After all my research into what I should and shouldn’t feed my baby daughter, the information I found was limiting, bland, and in some cases, problem-causing (remember some foods are movers, and others are slowers!). I had to wonder, What do infants around the world eat? Surely, the rest of world isn’t feeding their baby rice cereal and pureed sweet potatoes and unknowingly turning them into tiny constipation bombs, are they?!
A nurse that runs a local moms support group told me once that the whole purpose in starting your baby on solid foods is to get them to eat the same food you do as soon as possible. So if I eat lamb curry, chicken enchiladas and lentil stew, shouldn’t my baby? Traditional parenting advice tells us no, bland is best, but as Dr. David Bergman, a Stanford University pediatrics professor, stated in this article, beware that there are a lot more baby feeding myths out there than there is support for them. New research is showing that what an infant eats will shape their later eating habits. So actually exposing your child to a wide range of foods, flavors and spices is the best route. As long as there is no family history of allergies to certain foods, most foods can be fed to a baby between the ages of 6 months and 1 year.
Need proof? Parents around the world feed their infants much more than bland foods, and traditional American comfort foods like macaroni and cheese and pizza. According to this article, African babies start off on meats, Japanese babies begin with fish and radishes, and French babes enjoy artichokes and tomatoes. British, Australian, and white South Africans babies start with toast spread with butter and a yeast based spread, typically Marmite or Vegemite.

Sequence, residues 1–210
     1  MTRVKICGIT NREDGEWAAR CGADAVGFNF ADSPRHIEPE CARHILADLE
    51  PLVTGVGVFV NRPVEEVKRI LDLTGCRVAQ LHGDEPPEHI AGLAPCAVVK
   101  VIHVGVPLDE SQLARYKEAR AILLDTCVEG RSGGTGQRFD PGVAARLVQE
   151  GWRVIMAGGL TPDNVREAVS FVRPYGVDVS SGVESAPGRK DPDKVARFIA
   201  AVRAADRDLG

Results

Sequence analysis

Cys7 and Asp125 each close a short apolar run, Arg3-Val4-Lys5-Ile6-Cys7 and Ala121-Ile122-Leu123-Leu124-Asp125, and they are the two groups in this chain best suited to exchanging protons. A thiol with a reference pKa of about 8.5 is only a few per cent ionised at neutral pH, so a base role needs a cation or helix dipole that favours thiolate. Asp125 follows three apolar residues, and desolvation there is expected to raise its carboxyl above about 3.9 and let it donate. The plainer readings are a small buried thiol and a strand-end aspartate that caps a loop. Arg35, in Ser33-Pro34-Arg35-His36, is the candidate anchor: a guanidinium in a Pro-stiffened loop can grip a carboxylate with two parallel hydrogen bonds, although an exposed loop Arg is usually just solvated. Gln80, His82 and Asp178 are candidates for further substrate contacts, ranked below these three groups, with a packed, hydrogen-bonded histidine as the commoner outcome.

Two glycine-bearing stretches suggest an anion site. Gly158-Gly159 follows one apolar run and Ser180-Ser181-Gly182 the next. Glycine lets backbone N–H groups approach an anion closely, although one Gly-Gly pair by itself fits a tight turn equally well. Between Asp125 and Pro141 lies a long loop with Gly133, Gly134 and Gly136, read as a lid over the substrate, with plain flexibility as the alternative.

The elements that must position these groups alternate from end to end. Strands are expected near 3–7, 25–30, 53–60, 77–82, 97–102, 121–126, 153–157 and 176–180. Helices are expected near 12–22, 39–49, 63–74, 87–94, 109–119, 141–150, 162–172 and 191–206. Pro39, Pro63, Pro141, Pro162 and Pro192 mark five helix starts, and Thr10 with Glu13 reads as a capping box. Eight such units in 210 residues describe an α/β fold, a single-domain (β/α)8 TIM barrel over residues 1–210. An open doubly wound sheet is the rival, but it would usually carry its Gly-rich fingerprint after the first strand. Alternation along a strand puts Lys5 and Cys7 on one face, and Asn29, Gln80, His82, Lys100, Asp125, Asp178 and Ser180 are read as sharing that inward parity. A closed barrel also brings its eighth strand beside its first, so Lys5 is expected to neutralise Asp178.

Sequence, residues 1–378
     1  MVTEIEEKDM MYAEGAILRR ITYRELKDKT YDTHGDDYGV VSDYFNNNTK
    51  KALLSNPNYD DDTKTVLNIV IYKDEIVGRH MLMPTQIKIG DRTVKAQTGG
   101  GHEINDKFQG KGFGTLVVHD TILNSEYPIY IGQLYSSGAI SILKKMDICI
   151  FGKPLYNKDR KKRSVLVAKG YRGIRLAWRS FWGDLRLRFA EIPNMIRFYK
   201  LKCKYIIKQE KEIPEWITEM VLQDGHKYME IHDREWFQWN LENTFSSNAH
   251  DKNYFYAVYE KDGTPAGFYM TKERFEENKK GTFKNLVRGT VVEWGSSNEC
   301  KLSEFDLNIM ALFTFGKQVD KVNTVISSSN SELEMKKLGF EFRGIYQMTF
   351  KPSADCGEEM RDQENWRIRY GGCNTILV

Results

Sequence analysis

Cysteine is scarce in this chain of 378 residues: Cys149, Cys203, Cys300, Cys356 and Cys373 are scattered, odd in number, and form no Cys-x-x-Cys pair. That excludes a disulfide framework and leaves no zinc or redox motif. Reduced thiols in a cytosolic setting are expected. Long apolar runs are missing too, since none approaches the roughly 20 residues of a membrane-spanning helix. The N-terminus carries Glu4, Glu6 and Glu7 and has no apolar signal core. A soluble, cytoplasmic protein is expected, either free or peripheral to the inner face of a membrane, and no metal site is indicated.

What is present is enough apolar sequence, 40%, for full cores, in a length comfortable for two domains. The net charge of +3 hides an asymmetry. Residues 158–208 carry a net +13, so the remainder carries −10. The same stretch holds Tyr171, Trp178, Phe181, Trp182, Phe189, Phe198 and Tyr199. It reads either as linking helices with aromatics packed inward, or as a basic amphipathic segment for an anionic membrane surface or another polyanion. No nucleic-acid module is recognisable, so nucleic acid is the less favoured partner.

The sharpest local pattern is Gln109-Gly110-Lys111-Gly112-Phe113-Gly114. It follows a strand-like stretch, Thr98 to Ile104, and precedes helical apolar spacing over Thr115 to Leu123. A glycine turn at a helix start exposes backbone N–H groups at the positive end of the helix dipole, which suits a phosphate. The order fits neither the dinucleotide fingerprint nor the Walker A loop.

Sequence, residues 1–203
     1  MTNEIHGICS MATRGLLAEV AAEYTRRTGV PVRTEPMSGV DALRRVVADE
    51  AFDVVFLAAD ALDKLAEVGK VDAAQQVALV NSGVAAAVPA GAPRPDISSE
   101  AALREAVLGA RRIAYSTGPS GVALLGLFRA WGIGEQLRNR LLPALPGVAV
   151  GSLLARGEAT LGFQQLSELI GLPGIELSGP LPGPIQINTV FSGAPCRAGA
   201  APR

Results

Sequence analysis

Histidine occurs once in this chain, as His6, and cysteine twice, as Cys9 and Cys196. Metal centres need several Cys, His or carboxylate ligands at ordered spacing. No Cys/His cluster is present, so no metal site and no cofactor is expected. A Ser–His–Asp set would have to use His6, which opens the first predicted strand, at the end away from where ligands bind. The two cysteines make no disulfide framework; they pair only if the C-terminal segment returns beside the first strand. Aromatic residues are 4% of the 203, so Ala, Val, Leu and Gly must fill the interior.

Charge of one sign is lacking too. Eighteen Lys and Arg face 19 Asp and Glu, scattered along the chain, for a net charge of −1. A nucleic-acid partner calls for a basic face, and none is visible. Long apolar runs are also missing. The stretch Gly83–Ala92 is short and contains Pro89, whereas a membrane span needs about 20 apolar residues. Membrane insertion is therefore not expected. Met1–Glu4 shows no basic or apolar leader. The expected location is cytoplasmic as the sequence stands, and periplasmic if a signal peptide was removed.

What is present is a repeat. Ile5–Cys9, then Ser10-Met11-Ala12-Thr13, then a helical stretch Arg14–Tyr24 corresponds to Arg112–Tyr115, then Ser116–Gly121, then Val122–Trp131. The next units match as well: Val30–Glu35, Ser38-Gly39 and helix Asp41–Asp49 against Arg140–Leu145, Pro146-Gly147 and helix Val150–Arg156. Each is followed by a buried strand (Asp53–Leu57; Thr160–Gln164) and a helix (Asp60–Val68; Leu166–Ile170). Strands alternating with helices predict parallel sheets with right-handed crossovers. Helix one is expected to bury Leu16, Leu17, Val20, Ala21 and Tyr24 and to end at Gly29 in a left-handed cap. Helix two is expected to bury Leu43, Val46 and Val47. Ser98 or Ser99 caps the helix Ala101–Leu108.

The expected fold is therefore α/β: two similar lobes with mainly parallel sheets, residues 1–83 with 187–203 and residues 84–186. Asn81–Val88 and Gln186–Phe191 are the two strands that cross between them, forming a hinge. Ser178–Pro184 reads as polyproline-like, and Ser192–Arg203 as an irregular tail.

In many cases, parents around the world feed their infants what they were eating, with minimal alterations.You probably don’t want to serve your infant foods high in fat or very spicy, but a little fat and a little heat can really enhance an infant’s palate. My father is from India, and grew up eating what his parents ate—rice, vegetable curries, dahls, and flat breads. He grew up no stranger to spicy foods, and I’ve decided to treat my daughter the same. I’ve slowly introduce my homemade blend of curry powder into various vegetable and meat dishes of hers, and she loved them. From there, I moved on to include Italian (minestrone with pasta), Mexican (turkey enchiladas with a dried chili and tomato sauce), African (lentil stew), etc.
My only rejected experiment was a very fatty version of spaghetti and meatballs, which was eaten with gusto, but returned a few minutes later with similar force.
So screw modern parenting advice. If you’d like to feed your baby a varied diet similar to yours, do it. The worst that could happen is they start developing a taste for everything. Wouldn’t that be a shame.
Do you have a child? What did you feed them as a baby?